Flora and fauna
The Maremma has a typical Mediterranean climate, with hot, dry summers and humid, mild winters. Rain is most frequent in October and November. Further inland and uphill, winter temperatures are lower.
The major towns on the coast (Tarquinia, Capalbio, Orbetello, Grosseto and Cecina) are on the main railway line from Rome to Pisa. Trains stop less frequently in smaller towns and villages. For information on train schedules and tickets, see the website of Trenitalia.
The Via Aurelia motorway (E80/SS1) connects all major towns between Rome and Pisa. The E78 connects Grosseto to Siena.
The railway lines only connect a limited number of towns and villages, and in most cases you will need additional transport by bus to get to your destination. Bus lines in the province of Grosseto and Livorno are operated by Tiemme SpA, see their website for more information on schedules and tickets (in Italian only!).
To reach smaller towns and villages, especially those in the interior part of the Maremma, a car is needed. Tortuous roads, climbing up and down from the hills, connect all minor centres.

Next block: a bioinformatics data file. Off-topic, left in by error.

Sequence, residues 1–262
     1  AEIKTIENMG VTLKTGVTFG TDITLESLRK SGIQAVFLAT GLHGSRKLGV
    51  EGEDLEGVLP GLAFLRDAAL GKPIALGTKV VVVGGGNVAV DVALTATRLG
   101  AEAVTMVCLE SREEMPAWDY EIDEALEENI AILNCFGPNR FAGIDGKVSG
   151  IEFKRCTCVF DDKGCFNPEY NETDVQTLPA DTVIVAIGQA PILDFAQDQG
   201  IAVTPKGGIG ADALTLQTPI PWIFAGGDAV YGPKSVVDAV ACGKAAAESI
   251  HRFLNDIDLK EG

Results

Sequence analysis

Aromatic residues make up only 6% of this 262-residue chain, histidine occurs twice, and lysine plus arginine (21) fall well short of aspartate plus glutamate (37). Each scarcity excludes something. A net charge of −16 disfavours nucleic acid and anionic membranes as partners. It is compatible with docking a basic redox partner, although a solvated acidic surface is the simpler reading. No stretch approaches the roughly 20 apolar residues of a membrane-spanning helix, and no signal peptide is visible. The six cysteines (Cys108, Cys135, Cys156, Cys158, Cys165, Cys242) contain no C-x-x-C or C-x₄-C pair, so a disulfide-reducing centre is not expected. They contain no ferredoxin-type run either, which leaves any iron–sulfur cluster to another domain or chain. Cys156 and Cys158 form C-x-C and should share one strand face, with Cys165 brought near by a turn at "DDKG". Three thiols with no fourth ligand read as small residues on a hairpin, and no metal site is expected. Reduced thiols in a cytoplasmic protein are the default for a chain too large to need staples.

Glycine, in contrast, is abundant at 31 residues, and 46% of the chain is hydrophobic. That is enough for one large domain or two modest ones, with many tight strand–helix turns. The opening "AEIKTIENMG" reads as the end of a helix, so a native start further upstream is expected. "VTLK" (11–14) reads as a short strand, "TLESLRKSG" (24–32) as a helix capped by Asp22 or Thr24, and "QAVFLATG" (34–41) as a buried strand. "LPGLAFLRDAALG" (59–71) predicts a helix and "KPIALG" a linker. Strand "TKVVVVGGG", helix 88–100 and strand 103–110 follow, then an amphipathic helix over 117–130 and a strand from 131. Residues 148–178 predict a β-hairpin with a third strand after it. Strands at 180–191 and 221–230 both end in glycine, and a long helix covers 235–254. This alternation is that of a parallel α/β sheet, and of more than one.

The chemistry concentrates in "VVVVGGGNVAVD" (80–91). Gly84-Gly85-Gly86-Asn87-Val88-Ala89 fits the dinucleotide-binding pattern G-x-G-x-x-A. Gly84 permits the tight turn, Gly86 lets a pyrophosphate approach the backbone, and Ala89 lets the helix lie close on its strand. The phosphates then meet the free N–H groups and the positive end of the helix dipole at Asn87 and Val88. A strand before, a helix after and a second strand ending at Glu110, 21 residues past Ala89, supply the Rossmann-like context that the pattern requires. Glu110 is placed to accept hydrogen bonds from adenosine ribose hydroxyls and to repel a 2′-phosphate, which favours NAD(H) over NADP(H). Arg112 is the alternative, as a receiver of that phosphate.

Coast and beaches
For those who enjoy the sun and the sea, the Maremma is a perfect destination. Each year, the Maremma beaches and marinas are awarded the Blue Flag  recognizing the quality and purity of the waters along its 160 km of shoreline, where sandy and rocky coastlines alternate. Vast pine tree forests border many of the beaches of the Maremma, and in a few areas coastal wetlands have escaped urbanization, reclamation or draining, like the nature reserve of Diaccia Botrona near Castiglione della Pescaia.
The most important coastal resorts of the Maremma Grossetana are from north to south:
The Tuscan Archipelago, with the island of Giglio and the small island of Giannutri, is very impressive, and can be visited on a minicruise leaving from one of the many harbours of the coast of the Maremma.